I’ve never been much of a soup at any time of the year eater. I could never wrap my head around sitting down with a steaming bowl of soup on a hot, sunny day. It should be reserved for cold and rainy days. Then again, maybe growing up in the Portland area has something to do with this. Oddly enough, I surprised myself with sudden soup recipe cravings as summer came to a close.
The weather here lately has been showing signs unfamiliar for the month of October. Recent gloomy, damp and chilly mornings remind me of November. Bring on the soup season! I welcome the days where I hunker down in front of the tv or with a good book (right now I’m reading EatLiveRun blogger, Jenna Weber’s White Jacket Required – more on this gem later, but let’s just say it hits close to home) put on a pair of sweatpants and sit with a big bowl of soup in my hands. Let me tell you my friends, those days are here and on days like these, I find myself rifling through the pantry, reaching all the way to the back to see what variety of soups I can uncover.
Lately, I’m amazed at the nutritional information I discover. It’s either undesirable amounts of sodium, fat, carbohydrates/sugar, or maybe even a combination of the three. I suppose there are worse things to eat, but right now I’d rather make my own soups. I don’t always make the healthiest of dishes (in every way possible) but I like to have control of the selection and quantity of ingredients I use….even if it means I can’t blame someone else for an indulgence here and there.
Allow me to introduce you to Hungarian Mushroom Soup. I have to pay tribute to my sister Andi here for bringing this dish into my life. A true favorite of mine, I think there’s something special and well-balanced about the flavors that just pleases the taste buds. A love, or at least a taste, for mushrooms is a must.
Hungarian Mushroom Soup
2 T butter
1 medium-large onion
1 ½ – 2 lbs. mushrooms
1 t salt
2-3 t dried dill
1 T paprika (the recipe calls for Hungarian, but I’ve always used regular)
2 t lemon juice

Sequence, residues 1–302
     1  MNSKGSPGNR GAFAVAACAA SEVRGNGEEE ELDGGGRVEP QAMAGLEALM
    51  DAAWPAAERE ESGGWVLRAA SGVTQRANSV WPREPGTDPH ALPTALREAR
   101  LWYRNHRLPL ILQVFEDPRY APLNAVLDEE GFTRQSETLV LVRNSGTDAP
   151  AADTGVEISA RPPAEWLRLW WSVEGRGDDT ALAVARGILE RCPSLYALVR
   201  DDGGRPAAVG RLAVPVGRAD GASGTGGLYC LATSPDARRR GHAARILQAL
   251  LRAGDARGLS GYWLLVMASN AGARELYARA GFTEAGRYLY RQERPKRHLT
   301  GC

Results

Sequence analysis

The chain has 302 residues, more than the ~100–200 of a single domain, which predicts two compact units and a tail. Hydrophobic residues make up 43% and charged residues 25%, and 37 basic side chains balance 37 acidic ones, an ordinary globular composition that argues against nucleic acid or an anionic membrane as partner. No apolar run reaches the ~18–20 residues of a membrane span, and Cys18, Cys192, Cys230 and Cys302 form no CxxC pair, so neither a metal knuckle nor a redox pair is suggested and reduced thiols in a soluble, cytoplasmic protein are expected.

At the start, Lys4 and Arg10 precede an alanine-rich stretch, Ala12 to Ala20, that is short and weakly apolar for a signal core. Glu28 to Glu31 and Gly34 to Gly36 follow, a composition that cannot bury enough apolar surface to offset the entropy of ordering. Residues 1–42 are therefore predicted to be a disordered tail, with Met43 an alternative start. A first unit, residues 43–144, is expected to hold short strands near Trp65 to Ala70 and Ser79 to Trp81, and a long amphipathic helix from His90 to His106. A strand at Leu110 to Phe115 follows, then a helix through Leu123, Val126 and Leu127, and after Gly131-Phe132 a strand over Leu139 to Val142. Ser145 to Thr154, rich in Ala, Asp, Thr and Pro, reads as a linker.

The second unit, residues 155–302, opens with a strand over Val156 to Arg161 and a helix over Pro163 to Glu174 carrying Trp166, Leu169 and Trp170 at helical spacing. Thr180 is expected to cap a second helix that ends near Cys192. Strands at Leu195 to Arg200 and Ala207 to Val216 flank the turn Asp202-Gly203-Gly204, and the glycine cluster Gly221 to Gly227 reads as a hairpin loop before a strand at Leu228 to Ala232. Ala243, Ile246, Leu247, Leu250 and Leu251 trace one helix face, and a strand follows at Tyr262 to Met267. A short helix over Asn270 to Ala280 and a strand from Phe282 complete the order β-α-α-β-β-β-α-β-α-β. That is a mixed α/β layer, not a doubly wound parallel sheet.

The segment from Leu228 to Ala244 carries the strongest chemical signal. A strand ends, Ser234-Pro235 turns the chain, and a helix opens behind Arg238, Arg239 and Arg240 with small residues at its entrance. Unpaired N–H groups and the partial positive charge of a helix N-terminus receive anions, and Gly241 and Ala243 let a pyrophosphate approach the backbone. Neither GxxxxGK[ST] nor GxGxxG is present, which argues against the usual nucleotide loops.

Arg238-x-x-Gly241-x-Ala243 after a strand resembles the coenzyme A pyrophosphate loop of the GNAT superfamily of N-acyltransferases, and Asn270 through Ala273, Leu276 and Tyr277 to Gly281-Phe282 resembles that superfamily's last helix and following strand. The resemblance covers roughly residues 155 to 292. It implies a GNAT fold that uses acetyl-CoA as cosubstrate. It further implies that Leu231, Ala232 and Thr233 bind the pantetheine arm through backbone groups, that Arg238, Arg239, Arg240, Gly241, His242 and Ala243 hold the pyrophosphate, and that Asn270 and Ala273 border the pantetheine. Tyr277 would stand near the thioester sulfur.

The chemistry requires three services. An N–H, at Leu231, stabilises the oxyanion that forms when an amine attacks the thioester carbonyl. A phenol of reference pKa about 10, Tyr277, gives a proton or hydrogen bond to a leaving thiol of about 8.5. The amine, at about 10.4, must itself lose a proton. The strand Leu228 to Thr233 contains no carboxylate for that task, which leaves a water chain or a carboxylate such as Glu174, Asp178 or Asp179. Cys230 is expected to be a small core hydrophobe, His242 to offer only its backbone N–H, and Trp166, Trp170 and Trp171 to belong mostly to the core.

3 T flour
2 C water
1 C milk at room temperature
pepper to taste
½ C sour cream
Melt the butter in a dutch oven, add chopped onion and sauté over medium heat until translucent. Add sliced mushrooms, salt, dill and paprika. Stir the ingredients, cover and let cook for about 15 minutes, stirring occasionally. Add lemon juice – I tend to add a little over 2 t, I think it accentuates the dill.
Gradually sprinkle in the flour, stirring constantly. Cook and stir another 5 minutes over medium-low heat. Add the water, cover and cook about 10 minutes, stirring often.
Stir in the milk and add the black paper to taste. Whisk in sour cream, and heat very gently on low-medium heat. By this point, you don’t want to boil or continue cooking at a high heat or the sour cream might curdle.
Broccoli with browned butter and mizithra is so simple, with flavors like no other. I absolutely love pastas with browned butter, but I mean, don’t we all? When I cook broccoli, I tend to steam it and finish it off with salt and pepper, that’s it-savoring its natural flavor. The other night I decided to jazz it up a bit, and used broccoli as a substitute for noodles – the frequent star of the dish. Dare I say it tastes just as good with broccoli as it does with spaghetti? Okay, that might be a little far-fetched.
Broccoli with Browned Butter and Mizithra
2-3 heads broccoli
½ C butter
¼ C mizithra cheese
Place the stick of butter in a pan over medium heat. After about 15 minutes (you’re looking for a dark, amber color), pour the browned butter over a sieve into a glass cup. This will separate the liquid from any remaining (very salty) sediment.
Chop up and steam the broccoli. Sprinkle with salt and pepper.
Pour butter over broccoli and finish off with freshly grated mizithra cheese.
Enjoy these dishes together or separately! Seriously, try them.